Draw Complaints, Praise
By Tammy Daniels I-BERKSHIRES
NORTH ADAMS, Mass. — City Council chambers were packed on Wednesday night for an often emotional hearing on the proposed bike path that will cut from the Williamstown line to the airport. 
Dubbed the "Cariddi Mile" by Mayor Richard Alcombright in memory of longtime bike path proponent Gailanne Cariddi, the section would run along land behind a cluster of homes on Chenaille Terrace.
But a number of Chenaille Terrace residents opposed to the project say the 12-foot paved pathway would have a deleterious effect on their quiet cul de sac. 
Read more here . [Geez, isn't this a lot like the situation in Plainville CT?-- CDP]
Swampscott, MA Advances Its Rail Trail Plans
SWAMPSCOTT — Town officials have received nine proposals from design firms to advance their plans for the construction of a rail trail.
“This is really an incredible response from some of the best design and engineering firms in New England,” said Naomi Dreeben, chairwoman of the Board of Selectmen, in a statement. “We are excited to see so much enthusiasm and great ideas outlined in these terrific proposals.” Read more here.
A love affair, on two wheels
By  Yvonne Abraham  BOSTON GLOBE STAFF AUGUST 26, 2017
WENHAM — On my summer vacation, I fell in love.
It happened somewhere between Danvers and Wenham. My family and I had picked up  the rail trail to Topsfield  behind a sports complex off Route 114. We rode in the cool of the morning, through sunny suburban neighborhoods into the dappled light of the forest at Choate Farm, the brooks and backyards blurring by.
Forgotten River Will Get a Walkway

The  Milwaukee RiverWalk  is about to get a lot longer. The Common Council’s Zoning, Neighborhoods & Development Committee gave a unanimous thumbs-up to a two-mile long extension of the system through the Menomonee Valley.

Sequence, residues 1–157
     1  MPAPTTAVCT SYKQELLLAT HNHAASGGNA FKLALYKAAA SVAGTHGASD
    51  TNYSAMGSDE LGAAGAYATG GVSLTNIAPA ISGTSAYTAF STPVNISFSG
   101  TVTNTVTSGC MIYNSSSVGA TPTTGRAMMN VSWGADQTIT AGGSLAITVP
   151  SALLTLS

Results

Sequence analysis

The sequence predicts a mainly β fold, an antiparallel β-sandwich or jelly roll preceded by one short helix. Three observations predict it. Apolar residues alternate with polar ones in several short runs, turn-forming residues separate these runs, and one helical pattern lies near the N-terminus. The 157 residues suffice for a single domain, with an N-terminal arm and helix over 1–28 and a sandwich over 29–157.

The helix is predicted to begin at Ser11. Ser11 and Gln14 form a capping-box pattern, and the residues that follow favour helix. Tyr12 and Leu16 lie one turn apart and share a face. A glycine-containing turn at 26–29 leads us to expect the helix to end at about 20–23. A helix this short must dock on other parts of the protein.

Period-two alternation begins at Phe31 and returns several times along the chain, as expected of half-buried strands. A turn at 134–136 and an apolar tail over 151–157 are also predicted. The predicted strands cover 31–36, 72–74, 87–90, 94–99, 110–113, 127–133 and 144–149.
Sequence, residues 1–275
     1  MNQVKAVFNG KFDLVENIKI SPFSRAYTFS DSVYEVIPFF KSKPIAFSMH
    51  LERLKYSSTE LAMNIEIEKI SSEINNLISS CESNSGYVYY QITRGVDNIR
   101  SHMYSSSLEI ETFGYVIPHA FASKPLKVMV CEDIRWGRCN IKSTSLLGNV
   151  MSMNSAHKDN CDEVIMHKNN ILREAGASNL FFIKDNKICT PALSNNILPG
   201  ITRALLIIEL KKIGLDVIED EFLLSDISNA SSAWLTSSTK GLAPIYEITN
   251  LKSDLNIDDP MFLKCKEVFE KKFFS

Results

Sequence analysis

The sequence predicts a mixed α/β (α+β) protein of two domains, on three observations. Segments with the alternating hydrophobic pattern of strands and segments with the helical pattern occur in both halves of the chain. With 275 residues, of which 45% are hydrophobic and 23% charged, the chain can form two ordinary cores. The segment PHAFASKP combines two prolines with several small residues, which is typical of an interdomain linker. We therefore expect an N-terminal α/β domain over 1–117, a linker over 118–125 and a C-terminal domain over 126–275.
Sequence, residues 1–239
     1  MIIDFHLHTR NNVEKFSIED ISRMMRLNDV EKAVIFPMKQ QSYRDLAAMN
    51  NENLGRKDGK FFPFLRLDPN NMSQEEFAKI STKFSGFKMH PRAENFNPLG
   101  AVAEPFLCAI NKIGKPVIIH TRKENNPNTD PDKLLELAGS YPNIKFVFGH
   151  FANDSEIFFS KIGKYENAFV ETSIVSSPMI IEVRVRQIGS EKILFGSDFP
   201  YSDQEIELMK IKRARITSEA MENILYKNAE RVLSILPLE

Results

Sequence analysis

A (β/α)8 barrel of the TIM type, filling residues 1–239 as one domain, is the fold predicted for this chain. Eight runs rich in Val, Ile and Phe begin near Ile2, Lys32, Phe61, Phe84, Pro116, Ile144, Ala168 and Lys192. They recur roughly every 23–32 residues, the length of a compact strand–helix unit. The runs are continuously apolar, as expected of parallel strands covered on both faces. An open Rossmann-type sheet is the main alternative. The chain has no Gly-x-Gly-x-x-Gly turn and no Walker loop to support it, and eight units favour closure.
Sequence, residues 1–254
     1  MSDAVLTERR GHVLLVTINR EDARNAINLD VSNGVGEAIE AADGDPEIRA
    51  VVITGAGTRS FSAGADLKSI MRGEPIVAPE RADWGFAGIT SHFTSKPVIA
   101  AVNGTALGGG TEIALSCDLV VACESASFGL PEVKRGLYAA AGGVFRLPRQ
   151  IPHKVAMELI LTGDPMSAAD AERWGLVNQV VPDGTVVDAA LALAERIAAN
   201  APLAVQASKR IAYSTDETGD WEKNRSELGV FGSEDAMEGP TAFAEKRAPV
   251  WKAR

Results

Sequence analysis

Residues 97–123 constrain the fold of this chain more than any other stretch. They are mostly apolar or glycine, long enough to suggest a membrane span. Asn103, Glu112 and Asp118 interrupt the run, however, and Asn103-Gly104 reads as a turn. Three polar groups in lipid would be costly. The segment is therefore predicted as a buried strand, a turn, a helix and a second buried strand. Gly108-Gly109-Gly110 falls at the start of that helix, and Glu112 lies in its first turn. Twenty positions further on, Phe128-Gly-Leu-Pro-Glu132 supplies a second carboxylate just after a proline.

The extension will run along the Menomonee River from the river’s confluence with the Milwaukee River near N. 2nd St. to the 27th Street Viaduct and  Three Bridges Park . That’s an approximately two-mile long corridor with the riverwalk planned for each side. Read more here .
Greenways attract Nashville
home buyers and developers
Victor Wilson looks forward to eventually riding his bike on a greenway from his home in  on Nashville’s west side to events downtown or to a public transit stop on nearby Charlotte Pike without ever having to be on a street with cars and other vehicles. READ MORE .
Great TED Talk on the Walkable City
Walkable cities are in demand, as more and more people want to be able to walk to work, to run errands, to attend events, etc. Liberating ourselves from our vehicles is part of a healthier, more eco-friendly way of life. Watch this great TED Talk .  
If You Build It, the Dutch Will Pedal
UTRECHT, the Netherlands — When city officials unveiled the first section of the world’s largest bike parking garage in Utrecht, a small city in the center of the Netherlands, late last month, the feeling of accomplishment was short-lived.
While many of the 6,000 new, state-of-the-art bike parking spots filled quickly, city engineers focused on the work ahead: creating thousands more such spots and hundreds more miles of bike paths to ensure that even more Utrecht residents can comfortably commute by bike. Read more here.
Founded in 1985,  Trees Atlanta has been working tirelessly to restore Atlanta, Georgia’s disappearing urban forest. They work to prevent and reverse tree loss, often creating new green space. Empowered by its community of volunteers, Trees Atlanta serves the metro Atlanta area, and has grown to become one of Atlanta’s most widely known and supported non-profit organizations.
With the arrival of the city’s Atlanta Beltline project—the outgrowth of Georgia Tech grad student Ryan Gravel’s 1999 master’s thesis—Trees Atlanta now has a wealth of new opportunities to restore and reconnect urban greenspace in the entire Metro area. The Beltline’s progress has been reported on many times here in  Revitalization News, starting with  this 2015 article. Read more here.